6 October 2014. I am looking at a pack that is not as tightly or comprehensively loaded as it could be , and at two smaller bags which I hope will withstand the rigours of yak travel for a month. Those two bags look deflated as well. I run the checklist again and, despite my misgivings figure I have everything packed which I need. And all that I can get my hands on in Kabul. Surely there should be more? Tomorrow I head to Nepal with a view to climb Ama Dablam. It’s no big deal for the hard core climbing folks but I remind myself that only 26 months ago I was in Nepal looking at those inspiring Himalayan peaks and thinking I should climb one of them. Or as many of them as I could. So I came back from that trip and without letting on (least it was something I did not have the stomach for) spent a weekend hanging off some ropes on a basic climbing course in the Blue Mountains. A couple of alpine courses in New Zealand followed along with some more rock work in New South Wales and I now figure I have enough rudimentary knowledge to have a go at this. There may well be more intermediate climbs to get the hang of this sport but when I saw this mountain was an opportunity to mix training with actually hitting serious summit of 23,000’ or so I thought “Why not?” Now I am sitting here looking at those bags the night before I am due to fly out and thinking “Why?”
A tropical sort of storm mugged its way over the city today, boiling up in the west and crackling its enthusiasm just as I was getting ready to leave the house. One of those storms that toys with you with a smack of rain here, a dollop of water there and you are never too sure if you should run for cover or just wander through it at your leisure. By the time I was leaving the car park it was firing hail the size of peas so I allowed myself to be talked onto a decrepit bus. It kept me out of the worst of it but of course the bus shuttle here is run by a broad faced cheeky grin and black currant eyes who drops me outside the baggage scan but who wont immediately release my bags to me.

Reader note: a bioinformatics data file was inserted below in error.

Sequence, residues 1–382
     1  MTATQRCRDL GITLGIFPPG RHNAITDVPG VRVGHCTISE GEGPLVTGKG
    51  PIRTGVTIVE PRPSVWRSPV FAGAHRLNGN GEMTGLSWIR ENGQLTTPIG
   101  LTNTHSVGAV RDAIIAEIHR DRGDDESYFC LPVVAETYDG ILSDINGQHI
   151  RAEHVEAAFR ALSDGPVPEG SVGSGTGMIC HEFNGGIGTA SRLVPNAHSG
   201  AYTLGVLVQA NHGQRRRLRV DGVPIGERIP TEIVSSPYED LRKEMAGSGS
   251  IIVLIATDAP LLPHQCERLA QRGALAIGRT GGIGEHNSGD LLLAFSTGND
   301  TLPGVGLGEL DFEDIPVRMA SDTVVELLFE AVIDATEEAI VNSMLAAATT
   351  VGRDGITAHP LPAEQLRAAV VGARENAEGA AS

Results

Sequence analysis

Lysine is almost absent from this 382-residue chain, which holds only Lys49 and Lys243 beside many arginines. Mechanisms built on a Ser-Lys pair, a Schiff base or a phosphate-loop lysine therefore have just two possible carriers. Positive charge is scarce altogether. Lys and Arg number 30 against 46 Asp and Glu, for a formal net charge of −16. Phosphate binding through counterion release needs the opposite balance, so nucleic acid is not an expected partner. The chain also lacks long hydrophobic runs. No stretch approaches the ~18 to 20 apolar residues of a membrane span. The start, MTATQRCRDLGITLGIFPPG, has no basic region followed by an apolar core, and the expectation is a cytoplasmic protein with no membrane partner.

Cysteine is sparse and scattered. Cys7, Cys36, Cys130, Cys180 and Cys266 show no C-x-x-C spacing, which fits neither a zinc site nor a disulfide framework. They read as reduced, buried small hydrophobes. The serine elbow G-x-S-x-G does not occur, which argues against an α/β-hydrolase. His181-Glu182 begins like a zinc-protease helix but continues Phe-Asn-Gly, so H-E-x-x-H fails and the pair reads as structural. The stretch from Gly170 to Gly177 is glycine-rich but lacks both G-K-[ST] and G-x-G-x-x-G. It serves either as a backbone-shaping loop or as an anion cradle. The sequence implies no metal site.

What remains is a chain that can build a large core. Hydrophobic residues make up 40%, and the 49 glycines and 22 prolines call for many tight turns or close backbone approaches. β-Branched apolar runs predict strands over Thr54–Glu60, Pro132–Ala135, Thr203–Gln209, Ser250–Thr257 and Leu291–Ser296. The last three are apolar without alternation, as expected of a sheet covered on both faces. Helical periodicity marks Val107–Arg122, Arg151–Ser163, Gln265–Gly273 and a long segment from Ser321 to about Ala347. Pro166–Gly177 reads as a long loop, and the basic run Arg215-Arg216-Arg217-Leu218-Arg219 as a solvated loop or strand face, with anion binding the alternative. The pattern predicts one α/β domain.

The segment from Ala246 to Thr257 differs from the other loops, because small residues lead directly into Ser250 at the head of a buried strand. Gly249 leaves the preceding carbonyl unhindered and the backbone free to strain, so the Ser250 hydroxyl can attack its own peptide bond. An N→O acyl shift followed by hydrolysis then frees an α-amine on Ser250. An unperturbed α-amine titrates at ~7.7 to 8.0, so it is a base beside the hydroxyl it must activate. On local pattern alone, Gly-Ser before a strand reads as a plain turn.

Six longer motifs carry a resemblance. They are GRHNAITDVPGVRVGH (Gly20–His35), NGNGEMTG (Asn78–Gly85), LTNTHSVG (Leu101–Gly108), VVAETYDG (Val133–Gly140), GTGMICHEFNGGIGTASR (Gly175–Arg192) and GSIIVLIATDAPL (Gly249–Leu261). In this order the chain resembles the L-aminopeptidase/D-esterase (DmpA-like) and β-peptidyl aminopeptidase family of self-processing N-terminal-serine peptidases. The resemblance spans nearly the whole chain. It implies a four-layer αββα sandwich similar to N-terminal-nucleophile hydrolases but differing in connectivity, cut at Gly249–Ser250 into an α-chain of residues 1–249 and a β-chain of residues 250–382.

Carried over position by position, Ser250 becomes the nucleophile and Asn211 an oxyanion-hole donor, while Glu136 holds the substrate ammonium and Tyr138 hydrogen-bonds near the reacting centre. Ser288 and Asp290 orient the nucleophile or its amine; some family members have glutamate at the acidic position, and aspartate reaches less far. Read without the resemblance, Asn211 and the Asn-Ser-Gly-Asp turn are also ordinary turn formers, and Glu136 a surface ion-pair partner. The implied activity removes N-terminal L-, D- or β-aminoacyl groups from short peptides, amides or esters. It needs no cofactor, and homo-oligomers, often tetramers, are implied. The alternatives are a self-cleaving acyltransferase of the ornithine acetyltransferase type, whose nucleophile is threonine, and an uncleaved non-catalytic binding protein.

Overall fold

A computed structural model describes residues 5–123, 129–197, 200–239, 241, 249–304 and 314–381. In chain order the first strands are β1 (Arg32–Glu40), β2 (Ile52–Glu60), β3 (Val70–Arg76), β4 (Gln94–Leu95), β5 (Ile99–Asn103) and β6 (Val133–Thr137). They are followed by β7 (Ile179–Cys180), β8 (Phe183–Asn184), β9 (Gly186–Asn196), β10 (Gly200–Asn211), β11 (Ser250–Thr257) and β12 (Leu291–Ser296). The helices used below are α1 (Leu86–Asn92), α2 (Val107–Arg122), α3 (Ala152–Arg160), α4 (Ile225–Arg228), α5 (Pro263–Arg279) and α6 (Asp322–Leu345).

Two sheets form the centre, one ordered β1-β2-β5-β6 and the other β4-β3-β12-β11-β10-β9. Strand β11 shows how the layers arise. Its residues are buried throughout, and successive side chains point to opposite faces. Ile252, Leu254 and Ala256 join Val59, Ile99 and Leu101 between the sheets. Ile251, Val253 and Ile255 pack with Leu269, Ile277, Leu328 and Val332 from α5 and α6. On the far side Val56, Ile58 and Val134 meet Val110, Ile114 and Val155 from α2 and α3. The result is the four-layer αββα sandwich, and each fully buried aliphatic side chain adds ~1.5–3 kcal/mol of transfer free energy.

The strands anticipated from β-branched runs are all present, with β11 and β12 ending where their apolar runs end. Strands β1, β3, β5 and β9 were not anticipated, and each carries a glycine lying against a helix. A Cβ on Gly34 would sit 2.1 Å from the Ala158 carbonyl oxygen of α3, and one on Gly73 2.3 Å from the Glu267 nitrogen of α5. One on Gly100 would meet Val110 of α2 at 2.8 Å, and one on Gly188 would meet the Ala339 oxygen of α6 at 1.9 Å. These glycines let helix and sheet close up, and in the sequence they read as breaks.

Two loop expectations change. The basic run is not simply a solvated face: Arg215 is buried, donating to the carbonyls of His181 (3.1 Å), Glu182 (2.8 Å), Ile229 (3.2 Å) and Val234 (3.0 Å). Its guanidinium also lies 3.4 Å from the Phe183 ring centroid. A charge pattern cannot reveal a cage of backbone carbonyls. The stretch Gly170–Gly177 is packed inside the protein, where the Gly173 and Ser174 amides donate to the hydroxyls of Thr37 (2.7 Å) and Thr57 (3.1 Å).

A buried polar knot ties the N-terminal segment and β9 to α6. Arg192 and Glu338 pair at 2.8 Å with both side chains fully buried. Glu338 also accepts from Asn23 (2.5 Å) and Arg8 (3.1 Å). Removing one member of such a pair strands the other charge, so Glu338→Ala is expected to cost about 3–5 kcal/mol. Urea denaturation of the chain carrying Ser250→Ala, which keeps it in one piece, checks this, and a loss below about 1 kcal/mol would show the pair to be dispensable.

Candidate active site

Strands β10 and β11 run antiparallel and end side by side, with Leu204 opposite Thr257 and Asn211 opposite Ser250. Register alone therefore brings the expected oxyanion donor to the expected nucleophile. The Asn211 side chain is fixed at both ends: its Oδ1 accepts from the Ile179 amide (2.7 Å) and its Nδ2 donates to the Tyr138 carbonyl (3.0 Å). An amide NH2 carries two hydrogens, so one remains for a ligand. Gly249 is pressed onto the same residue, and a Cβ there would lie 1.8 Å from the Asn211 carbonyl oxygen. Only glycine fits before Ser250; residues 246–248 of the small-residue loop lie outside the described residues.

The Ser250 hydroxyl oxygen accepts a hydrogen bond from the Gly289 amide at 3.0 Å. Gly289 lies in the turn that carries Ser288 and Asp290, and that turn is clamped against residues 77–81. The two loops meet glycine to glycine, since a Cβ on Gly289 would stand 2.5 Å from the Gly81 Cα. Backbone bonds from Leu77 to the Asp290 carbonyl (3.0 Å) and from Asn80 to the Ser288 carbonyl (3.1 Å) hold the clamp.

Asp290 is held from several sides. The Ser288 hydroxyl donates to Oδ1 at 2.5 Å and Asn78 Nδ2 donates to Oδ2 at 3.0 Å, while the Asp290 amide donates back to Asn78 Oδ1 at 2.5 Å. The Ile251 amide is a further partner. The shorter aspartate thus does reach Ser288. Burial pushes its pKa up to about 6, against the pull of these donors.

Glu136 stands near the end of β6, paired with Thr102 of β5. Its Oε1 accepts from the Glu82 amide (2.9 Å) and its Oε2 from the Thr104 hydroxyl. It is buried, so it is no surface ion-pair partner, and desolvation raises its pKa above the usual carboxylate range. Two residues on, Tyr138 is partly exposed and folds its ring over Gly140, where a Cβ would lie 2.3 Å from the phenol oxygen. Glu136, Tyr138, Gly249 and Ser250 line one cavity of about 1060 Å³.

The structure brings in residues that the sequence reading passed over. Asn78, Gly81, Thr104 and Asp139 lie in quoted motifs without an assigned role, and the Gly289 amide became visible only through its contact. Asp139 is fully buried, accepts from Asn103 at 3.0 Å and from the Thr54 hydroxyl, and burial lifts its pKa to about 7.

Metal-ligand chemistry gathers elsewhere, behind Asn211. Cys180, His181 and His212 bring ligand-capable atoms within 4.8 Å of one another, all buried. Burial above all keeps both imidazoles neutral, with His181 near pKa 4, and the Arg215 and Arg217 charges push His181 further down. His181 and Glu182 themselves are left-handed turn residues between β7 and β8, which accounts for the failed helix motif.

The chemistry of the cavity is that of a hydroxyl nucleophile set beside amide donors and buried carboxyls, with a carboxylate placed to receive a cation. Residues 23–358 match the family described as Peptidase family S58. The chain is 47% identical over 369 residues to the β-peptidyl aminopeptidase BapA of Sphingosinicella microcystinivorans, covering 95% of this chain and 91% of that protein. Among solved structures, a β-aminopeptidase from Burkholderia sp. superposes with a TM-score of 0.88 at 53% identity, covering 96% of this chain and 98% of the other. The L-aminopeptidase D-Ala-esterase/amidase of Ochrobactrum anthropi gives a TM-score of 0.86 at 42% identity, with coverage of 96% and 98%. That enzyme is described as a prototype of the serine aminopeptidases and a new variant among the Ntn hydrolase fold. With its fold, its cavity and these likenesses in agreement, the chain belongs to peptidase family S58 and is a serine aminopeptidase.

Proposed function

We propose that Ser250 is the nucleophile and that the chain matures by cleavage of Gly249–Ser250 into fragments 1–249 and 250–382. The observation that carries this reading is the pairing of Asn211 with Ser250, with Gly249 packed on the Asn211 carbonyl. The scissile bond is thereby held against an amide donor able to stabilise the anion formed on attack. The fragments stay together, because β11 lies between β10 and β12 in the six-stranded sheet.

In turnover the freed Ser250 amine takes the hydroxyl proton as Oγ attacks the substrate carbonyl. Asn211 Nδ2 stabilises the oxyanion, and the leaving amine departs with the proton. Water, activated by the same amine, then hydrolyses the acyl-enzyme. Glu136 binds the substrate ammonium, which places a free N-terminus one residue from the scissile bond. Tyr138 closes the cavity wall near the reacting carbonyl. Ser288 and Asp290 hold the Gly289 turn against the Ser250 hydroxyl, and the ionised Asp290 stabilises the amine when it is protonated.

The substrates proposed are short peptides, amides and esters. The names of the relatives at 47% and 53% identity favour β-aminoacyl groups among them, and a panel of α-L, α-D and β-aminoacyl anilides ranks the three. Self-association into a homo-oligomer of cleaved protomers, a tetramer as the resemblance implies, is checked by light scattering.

‘I’m a poor man, a very poor man.’
He grins at me, head cocked to one side from under his shawl, white peas from heaven bouncing off his black head.
‘I’m not carrying any cash.’
“But I’m a very poor man.’
I turn my pockets inside out. The passengers bank up behind us. “I have no cash’ I repeat. It’s true. I carry none.
He is resolute and maintains his cheeky charm. Then I remember a stash of cash in the bottom of my day back. It’s a mix of odd currencies and I hope there might be some Afghanistan Afs. I rummage around, all the while the hail gaining in intensity. I step back into the bus. He waits as the peas turn into marbles and pick up speed. He spots a 10 Afs notes and shakes his head. To my alarm I see there is a US twenty dollar note in there. I don’t want him to see that. He spots the Thai Baht and shakes his head. He sadly shakes his head at the Emirates dirhams. Then he spots a 20Afs note. He seems pleased at 30 Afs (about fifty cents) and my bags and I are allowed into the lashing hail and the bus empties behind me.
The fun isn’t over yet however, for my cart is snatched by a well dressed young man who escorts my bags all the way through to the check in . The expected nonsense starts again when my boarding pass is issued. Knowing I am reduced to Thai Baht, UAE dirhams, some Australian coin and one USD20 note makes the inevitable argument easier.
‘I am kind (yes you are) and I have helped you (yes you have – though I needed that help like a needed assistance with my knife and fork).
‘Tasher kor. Thank you, you have been very kind.’ I move on. He adopts the posture of a leech.
‘I have done my job, now I am due a tip.’ (Far too many Americans have preceded me here).
I put my arm around his shoulders. ‘You might be due a tip’ I tell him “But you should have asked me first. I have no cash.’
‘But my tip? I am due my tip.’
“I carry no cash. But you did a great job.’ I pat his shoulder but the look on his face tells me he is not assured. I pat it again and say “I appreciated your help. Tasher Kor. Happy Eid. Goodbye.’
I walk to the stairs to immigration and he wheels away in his smart shoes and sharp jacket to find another foreigner on which to prey. I wish him luck as he vanishes into the wall of white ice. I turn and enter the channel marked Diplomats only. No one ever objects.
6 October 2014
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